But second, and perhaps more importantly, is that cramming means they're probably going to spend a lot of time sequestered by themselves in the final few weeks ahead of the filing deadline.

That's time they can't spend checking in on how their business is operating on a day-to-day basis, forcing them to be away from their families, or doing the work they may normally need to do to make sure everything is running smoothly.

If, for example, an entrepreneur normally spends about 40 hours on their tax prep, they can either choose to spread it out over a long period of time - such as a few hours here and there in the course of a few months - or by trying to get it all done quickly by spending 10 hours per week on it in the final month ahead of the deadline.

It is, of course, up to each individual how they want to approach such a matter, but experts generally warn that those who cram will typically end up regretting it in some way.

What Can Be Done Instead?

Those hoping to avoid plenty of extra hours at the office, or possibly making some simple mistakes that will likely end up adding to the amount of work they have to do later on, would therefore be wise to contact a tax professional within the next few weeks to make sure they're doing all in their power to avoid such common pitfalls.

This should include doing some detailed research to find out whether they have experience in the entrepreneur's chosen industry, but also research to avoid running into common mistakes that come with choosing a less reputable tax pro.

The fact of the matter is that there might be a pretty big difference between finding a specialist who can get a filing done and one who can get it done right, meaning that they'll not only have everything as accurate as possible, but also in such a way that it maximizes benefits and minimizes liabilities.

The difference between these two conditions can often be worth as much as a few thousand dollars individually each year, but experts will usually also caution that any apparent tax pro who promises to get their clients returns worth a certain amount of money probably isn't all that reputable.

What Comes Next?

Once the basic work of getting all the necessary preparation for the 2015 tax year squared away is done, though, many business owners simply end up going back to their normal everyday work without much thought paid to their taxes.

That is, until the filing deadline approaches once again next tax season.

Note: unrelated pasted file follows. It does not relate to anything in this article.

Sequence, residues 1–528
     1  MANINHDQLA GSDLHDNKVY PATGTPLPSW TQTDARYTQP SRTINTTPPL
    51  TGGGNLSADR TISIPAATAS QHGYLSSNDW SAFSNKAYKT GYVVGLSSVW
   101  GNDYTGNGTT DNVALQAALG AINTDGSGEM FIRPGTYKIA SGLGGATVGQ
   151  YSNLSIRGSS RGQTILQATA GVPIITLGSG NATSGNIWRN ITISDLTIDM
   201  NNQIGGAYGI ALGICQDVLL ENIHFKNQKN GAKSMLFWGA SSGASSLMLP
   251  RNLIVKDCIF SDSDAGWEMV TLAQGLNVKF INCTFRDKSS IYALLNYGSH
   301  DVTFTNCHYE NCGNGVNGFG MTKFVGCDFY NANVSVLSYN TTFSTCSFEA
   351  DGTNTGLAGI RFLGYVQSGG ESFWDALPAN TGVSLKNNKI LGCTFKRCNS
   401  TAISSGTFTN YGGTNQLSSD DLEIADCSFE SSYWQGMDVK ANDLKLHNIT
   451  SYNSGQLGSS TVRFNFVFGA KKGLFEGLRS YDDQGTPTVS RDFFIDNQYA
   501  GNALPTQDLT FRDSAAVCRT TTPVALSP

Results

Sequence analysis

However, most experts point out that it's usually a pretty good idea for business owners to actually stay in touch with their tax specialists throughout the year, having regular meetings to discuss things like tax strategies and what businesses can do to makes sure they're keeping their liabilities as reduced as possible.

Also, if that means taking a longer view of tax planning in general, it's also likely to be a huge benefit to small businesses going forward.

This is because it helps them to identify chances for their companies to make purchases or other moves that can benefit their companies in ways that are going to be beneficial for their companies in both the short- and long term.

With all these things in mind, the benefits of tax planning and coming up with a reasonable and workable tax strategy not only for one year, but many to come, should be apparent to many small business owners.

What's The Benefit?

The fact of the matter is that the farther out you are able to start your tax prep and work toward the goals which you collaborated on with your tax specialist, the better off things are going to be.

That doesn't just include when it comes to tax prep itself - although that's certainly a major part of it - but also the ways in which you are able to get your work done on a daily basis throughout the year, and especially at tax time.

The ability to get things done with tax planning work a few hours per week or month is likely to create a lot less stress and more often than not, that's also going to make for a successful and healthy business that's primed for growth going forward.